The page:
Contained within, and covered by the costs of the above health-care strategy, is the provision of health care for children that would eliminate the most severe health problems facing the children of the world. Over 200 million children experience health complications, including temporary or permanent blindness due to Vitamin A deficiencies. About 40 million pre-school children suffer from vitamin A deficiency. At least 250,000 of these children go blind each year. Providing Vitamin A to children who lack it in their diet could prevent this tragic blindness. Providing oral rehydration therapy for children with severe diarrhea and immunizing 1 billion children in the developing world against measles, tuberculosis, diphtheria, whooping cough, polio and tetanus could prevent 6-7 million children deaths per year.(55) $2.5 billion dollars per year for ten years would cover the costs of global child health care plus delivery systems and infrastructure, management, staff training and wide-scale parental education and training.(56)

Strategy 2C: Iodine Deficiency Program

Over 566 million people, almost 10% of the world's population, suffer from goiter brought on by iodine deficiency. Three hundred million people suffer lowered mental capacity and intellectual impairment as a result of missing dietary iodine. Three million suffer from overt cretinism. There are approximately 800 million people in the world who are at risk from iodine deficiency. For $40 million per year, iodine can be added to table salt or water that would eliminate this problem.(57)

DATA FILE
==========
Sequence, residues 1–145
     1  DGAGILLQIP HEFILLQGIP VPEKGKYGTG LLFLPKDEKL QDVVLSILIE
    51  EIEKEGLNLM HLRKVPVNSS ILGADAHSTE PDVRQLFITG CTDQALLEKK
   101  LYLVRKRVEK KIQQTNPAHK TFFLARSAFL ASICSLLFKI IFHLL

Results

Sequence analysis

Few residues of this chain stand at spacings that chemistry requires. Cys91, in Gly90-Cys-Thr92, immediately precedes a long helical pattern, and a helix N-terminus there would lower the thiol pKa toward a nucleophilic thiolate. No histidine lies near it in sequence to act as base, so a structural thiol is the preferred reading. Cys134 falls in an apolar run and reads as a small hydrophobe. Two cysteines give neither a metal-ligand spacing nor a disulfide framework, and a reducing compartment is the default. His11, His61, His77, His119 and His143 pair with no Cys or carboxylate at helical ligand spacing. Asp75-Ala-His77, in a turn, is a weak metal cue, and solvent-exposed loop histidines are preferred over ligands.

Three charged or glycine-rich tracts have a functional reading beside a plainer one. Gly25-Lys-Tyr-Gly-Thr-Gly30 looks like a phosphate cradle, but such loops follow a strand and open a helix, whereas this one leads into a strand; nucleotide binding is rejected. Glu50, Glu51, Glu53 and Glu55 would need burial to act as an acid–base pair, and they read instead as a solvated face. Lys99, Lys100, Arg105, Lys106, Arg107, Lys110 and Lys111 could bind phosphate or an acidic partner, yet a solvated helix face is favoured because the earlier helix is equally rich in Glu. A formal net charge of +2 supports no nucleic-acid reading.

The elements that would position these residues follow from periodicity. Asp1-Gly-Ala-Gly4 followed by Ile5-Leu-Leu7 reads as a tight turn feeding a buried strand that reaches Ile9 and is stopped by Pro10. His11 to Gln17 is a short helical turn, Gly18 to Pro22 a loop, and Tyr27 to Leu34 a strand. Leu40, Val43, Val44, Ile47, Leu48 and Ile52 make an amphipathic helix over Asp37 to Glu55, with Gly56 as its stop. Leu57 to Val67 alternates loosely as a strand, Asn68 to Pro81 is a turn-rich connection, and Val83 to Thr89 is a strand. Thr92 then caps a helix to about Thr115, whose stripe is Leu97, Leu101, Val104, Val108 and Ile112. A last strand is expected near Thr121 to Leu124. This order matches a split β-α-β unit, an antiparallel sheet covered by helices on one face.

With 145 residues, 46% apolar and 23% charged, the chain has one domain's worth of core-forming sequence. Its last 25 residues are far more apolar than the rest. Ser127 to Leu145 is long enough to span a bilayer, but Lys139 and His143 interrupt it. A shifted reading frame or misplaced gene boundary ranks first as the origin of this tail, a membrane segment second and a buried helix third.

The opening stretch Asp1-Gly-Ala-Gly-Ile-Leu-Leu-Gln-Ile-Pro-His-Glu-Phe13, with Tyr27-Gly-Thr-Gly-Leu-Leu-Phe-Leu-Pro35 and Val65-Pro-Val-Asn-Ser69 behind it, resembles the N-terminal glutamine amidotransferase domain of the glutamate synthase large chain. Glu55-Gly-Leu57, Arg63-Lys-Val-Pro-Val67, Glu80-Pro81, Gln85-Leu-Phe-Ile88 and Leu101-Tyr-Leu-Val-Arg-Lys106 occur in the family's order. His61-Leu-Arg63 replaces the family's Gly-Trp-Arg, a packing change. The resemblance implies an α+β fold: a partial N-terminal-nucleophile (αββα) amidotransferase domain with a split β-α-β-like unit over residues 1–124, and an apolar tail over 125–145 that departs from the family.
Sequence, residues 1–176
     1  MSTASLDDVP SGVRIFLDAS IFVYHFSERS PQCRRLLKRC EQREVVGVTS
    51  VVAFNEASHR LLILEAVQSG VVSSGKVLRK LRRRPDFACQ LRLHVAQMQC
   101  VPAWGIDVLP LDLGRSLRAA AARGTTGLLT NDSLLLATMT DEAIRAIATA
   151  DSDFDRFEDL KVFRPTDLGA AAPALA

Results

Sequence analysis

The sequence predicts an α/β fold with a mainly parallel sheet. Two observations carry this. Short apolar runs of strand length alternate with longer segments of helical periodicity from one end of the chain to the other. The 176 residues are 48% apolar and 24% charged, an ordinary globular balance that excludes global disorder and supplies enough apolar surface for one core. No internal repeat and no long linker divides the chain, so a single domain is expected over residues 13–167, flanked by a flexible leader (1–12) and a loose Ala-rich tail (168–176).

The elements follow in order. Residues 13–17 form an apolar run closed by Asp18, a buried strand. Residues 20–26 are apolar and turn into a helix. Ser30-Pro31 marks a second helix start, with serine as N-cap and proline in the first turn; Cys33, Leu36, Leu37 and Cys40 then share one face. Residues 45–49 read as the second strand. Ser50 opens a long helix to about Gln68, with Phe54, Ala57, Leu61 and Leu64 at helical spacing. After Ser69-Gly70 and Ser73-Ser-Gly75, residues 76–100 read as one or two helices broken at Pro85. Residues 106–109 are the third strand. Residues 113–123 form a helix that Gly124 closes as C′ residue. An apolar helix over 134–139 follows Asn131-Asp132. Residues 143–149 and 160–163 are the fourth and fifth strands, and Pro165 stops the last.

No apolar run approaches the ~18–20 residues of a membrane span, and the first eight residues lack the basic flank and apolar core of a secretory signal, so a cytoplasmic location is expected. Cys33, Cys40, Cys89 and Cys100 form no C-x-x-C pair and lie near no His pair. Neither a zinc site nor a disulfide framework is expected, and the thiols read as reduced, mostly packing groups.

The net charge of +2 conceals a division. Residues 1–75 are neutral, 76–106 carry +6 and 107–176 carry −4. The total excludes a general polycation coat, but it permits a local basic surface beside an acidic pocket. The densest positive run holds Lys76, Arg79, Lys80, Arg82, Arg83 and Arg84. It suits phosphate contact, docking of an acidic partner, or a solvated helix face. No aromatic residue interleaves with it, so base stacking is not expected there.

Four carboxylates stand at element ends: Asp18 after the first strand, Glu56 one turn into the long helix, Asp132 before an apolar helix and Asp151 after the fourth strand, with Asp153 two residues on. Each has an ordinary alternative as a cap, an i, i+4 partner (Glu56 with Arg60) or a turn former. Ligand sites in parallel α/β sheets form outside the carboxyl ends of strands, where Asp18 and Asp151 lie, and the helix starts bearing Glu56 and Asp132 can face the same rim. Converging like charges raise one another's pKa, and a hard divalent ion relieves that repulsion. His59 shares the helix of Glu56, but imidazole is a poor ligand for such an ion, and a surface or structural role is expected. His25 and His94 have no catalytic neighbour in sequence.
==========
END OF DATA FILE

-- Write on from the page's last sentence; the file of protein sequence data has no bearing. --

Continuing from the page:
Strategy 2D: AIDS Prevention and Control Program

The spread of the AIDS epidemic around the world is one of the most alarming new developments in the past twenty years. There are approximately 18 million AIDS-infected people in the world. Each day, some 6000 additional people are infected. By the year 2000, there will be an estimated 40 million people who have the AIDS virus.

An investment of $3 billion per year for the next ten years in a massive global education campaign that deals with AIDS prevention would dramatically reduce the number of new AIDS cases. Another $2 billion per year would be invested in providing the recently documented AIDS multiple drug therapy to AIDS patients in the developing world who cannot afford this new and expensive treatment. These monies would be spent on setting up the drug manufacturing capacity in the developing world, particularly in India and Southeast Asia where the largest increases in AIDS infections are occurring. An additional $1 billion would be invested in a global AIDS research and development effort to seek a vaccine to prevent or cure AIDS.

Costs/Benefits